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Responses of poultry to ultraviolet radiation

  • P.D. LEWIS (a1) and R.M. GOUS (a1)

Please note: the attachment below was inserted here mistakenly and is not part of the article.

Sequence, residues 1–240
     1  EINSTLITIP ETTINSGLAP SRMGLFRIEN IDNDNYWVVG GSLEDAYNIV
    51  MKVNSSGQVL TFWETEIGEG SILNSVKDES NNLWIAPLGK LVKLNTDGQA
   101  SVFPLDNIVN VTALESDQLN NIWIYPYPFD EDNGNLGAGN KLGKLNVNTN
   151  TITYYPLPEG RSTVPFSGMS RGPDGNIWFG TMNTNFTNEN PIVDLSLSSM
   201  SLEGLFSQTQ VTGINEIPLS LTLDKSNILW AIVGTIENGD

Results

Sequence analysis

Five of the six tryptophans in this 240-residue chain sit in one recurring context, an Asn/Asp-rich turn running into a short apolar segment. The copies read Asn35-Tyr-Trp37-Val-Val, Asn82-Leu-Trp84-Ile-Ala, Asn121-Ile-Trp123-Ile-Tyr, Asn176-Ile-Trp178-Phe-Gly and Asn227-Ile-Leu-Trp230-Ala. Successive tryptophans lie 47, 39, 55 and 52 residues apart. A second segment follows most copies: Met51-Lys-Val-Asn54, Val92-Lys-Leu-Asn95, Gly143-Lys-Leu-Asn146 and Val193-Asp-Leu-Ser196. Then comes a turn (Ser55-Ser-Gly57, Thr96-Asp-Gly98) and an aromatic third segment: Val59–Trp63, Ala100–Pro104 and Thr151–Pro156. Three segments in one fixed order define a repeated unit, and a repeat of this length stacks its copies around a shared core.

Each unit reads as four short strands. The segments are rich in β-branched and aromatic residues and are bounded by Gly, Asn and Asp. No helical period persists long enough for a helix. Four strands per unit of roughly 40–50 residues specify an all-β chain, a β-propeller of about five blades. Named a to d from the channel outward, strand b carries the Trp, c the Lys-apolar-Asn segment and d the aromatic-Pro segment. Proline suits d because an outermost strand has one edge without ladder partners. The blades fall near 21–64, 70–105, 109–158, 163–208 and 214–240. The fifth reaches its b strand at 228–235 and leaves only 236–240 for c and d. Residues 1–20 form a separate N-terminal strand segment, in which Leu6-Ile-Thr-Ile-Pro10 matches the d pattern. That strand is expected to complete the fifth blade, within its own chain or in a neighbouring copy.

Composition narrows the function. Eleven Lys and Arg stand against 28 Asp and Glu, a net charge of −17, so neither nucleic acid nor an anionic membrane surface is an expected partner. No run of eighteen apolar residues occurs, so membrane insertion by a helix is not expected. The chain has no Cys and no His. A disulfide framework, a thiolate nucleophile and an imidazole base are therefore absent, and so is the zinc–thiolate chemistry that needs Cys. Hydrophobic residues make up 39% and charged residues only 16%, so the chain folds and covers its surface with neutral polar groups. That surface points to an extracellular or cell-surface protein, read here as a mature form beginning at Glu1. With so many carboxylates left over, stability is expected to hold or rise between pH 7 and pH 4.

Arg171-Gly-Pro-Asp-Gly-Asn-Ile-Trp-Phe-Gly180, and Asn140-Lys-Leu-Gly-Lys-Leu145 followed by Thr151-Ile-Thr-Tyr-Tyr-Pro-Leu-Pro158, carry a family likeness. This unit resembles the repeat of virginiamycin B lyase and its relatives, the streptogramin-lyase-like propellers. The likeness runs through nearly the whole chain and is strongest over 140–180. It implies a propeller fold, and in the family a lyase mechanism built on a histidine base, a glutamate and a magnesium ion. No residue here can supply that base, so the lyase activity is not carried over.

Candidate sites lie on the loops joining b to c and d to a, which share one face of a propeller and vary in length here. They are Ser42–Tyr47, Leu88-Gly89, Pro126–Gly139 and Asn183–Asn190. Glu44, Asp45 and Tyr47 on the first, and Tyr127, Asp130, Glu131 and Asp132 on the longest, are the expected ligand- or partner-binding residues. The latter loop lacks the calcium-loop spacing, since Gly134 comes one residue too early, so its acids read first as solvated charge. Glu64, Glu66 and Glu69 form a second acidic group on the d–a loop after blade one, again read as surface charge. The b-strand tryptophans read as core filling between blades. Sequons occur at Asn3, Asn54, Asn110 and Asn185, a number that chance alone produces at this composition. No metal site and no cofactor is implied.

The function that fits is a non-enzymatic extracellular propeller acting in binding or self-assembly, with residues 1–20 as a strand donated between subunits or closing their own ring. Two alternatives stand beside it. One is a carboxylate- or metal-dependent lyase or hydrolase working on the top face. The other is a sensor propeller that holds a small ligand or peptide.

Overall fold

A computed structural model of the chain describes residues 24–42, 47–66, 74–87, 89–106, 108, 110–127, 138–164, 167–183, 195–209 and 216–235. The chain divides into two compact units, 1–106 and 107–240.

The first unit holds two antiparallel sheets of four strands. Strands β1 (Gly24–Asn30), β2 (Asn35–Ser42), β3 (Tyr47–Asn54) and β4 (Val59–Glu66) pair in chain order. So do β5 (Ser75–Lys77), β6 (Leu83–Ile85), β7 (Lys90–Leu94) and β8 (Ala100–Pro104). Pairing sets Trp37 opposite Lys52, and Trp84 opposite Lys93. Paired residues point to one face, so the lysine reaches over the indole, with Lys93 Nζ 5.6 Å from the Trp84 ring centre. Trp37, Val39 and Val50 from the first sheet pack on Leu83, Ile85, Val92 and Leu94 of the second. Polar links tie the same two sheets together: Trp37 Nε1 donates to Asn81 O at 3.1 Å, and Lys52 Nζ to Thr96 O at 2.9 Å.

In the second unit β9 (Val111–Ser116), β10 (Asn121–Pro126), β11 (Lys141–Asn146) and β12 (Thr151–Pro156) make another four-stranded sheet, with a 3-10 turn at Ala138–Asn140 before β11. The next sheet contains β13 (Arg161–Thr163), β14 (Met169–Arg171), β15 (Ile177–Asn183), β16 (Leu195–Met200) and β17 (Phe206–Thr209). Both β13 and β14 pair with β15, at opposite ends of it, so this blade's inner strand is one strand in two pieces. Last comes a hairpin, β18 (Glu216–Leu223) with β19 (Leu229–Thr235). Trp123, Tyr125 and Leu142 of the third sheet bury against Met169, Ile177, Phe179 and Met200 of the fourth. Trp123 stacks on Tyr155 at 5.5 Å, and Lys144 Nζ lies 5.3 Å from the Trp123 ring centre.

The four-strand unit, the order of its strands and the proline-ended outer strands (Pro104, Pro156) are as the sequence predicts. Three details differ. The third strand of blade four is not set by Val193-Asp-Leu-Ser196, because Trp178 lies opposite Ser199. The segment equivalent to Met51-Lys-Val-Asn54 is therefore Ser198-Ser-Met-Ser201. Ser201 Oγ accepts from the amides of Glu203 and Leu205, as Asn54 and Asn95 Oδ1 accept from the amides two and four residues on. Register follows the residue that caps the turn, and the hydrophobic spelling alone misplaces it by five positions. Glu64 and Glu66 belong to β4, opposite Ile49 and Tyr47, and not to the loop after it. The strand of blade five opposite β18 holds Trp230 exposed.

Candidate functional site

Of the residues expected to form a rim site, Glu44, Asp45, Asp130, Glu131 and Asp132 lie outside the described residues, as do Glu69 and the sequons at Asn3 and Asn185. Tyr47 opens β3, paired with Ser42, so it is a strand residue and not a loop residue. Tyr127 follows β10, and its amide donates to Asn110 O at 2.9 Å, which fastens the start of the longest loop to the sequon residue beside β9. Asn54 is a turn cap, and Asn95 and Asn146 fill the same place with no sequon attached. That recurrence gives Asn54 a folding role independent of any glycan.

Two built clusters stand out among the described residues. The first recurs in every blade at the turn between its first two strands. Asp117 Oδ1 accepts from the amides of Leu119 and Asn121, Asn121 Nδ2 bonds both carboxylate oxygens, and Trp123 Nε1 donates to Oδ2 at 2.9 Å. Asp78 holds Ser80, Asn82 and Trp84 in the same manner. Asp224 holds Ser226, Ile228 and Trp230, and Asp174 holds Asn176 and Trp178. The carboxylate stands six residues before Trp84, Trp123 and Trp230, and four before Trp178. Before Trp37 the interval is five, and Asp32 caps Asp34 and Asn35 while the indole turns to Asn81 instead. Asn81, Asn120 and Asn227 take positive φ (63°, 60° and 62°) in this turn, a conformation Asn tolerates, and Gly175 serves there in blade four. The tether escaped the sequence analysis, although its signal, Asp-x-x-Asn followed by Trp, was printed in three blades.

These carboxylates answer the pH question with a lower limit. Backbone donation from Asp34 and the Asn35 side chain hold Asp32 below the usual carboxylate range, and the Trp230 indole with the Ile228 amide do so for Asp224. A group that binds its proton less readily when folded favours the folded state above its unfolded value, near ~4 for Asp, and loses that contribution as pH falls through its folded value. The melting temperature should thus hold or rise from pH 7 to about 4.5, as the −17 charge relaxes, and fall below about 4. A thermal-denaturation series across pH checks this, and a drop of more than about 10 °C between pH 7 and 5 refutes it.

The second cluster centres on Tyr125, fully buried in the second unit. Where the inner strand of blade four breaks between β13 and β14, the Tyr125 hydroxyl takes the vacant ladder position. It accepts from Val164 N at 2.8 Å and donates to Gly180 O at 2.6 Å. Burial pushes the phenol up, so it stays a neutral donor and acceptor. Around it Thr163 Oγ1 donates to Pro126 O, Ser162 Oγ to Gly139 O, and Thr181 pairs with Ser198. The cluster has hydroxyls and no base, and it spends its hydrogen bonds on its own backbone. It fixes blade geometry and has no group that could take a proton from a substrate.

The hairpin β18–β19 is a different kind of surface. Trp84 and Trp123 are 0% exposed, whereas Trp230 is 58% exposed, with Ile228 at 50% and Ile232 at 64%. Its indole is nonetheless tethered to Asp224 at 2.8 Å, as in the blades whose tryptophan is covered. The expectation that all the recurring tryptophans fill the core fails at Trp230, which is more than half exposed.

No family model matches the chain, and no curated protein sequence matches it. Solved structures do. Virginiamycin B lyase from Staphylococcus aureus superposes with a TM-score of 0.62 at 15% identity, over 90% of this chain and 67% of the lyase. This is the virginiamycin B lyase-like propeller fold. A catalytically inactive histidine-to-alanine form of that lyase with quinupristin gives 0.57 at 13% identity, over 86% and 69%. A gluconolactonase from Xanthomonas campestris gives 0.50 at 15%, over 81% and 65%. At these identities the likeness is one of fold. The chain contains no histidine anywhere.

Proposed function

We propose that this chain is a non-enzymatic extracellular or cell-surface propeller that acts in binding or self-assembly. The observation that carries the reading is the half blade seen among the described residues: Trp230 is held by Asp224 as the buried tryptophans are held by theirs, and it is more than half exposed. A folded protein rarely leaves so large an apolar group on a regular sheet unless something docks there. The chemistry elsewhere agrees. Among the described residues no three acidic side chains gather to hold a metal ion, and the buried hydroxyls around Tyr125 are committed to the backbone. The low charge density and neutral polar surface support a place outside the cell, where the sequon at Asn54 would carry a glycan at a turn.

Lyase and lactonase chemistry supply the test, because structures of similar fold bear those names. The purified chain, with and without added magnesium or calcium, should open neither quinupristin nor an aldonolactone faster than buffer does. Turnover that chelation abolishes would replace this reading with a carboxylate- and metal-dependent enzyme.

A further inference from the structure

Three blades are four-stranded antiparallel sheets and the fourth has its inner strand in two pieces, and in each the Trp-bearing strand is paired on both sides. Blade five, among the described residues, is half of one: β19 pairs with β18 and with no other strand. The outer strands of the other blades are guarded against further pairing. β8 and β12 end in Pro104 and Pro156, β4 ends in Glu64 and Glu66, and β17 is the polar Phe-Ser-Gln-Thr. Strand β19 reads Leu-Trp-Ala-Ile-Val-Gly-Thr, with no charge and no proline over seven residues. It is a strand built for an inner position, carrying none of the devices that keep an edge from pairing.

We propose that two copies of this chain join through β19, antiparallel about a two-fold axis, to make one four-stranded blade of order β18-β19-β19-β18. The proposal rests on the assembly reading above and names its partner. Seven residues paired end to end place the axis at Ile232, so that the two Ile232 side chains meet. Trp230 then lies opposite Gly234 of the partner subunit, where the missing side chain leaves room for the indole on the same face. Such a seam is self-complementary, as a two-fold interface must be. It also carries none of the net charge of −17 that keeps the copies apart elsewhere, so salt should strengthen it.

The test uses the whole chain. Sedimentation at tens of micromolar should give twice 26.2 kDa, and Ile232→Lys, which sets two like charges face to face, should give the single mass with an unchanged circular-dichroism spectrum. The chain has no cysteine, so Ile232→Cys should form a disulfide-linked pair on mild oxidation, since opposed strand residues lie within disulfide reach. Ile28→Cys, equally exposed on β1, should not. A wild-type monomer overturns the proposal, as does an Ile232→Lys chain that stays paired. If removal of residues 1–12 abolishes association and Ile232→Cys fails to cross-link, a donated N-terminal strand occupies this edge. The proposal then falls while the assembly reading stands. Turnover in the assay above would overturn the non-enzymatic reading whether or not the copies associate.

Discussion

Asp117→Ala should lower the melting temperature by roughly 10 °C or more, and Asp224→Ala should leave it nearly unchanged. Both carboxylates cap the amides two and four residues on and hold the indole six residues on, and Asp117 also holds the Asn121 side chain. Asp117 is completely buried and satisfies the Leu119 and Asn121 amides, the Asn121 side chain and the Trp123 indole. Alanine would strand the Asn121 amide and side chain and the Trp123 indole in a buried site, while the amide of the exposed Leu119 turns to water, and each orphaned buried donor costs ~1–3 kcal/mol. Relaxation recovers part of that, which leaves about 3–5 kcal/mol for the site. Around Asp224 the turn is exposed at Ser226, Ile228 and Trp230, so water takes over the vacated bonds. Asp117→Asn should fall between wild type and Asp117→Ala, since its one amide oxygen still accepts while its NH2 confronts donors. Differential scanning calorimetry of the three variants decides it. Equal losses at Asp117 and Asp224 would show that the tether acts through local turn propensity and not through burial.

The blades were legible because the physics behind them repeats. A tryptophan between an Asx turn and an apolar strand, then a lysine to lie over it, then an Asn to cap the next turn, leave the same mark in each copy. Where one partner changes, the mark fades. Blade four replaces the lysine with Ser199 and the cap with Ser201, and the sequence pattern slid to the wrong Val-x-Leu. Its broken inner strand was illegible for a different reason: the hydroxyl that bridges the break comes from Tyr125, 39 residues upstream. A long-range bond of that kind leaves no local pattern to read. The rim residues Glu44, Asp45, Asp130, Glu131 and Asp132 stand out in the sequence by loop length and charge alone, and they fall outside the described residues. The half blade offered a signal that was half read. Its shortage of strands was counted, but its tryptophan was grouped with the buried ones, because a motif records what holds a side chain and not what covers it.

Poultry, unlike humans, have a fourth retinal cone that allows them to see in the UVA part of ultraviolet radiation. This ocular function is principally used by poultry to modify various behavioural functions such as feeding, peer recognition, mate selection, mating activity, and social encounters. Retinally perceived UVA controls the release of melatonin in the pineal gland of dark-adapted birds. Ultraviolet radiation has shorter wavelengths than visible light, and, as a result, is unable to penetrate to the hypothalamus to induce a photosexual response; UV is thus minimally involved in avian reproductive function. UVA and UVB have anti-rachitic properties which catalyse the synthesis of vitamin D3 from 7-dehydroxycholesterol in the skin of feet and legs, a function that prevents rickets, minimises the incidence of tibial dyschondroplasia, and normalises growth and bone ash in young birds fed diets deficient in vitamin D3; surprisingly, there is sufficient UVA in white fluorescent light to produce these benefits. UVC from the sun is filtered out by the atmosphere's ozone layer, so does not occur in sunlight, but artificially produced UVC has germicidal properties and has been shown to protect domestic fowl from aerogenic viral infections, however, vaccination has made this property superfluous to the modern poultry industry. Recently, the introduction of lamps that emit both visible light and UV has made the provision of UVA to poultry a practical proposition, and so it is opportune that the responses of poultry to UV radiation are reviewed and its relevance to modern poultry production assessed.

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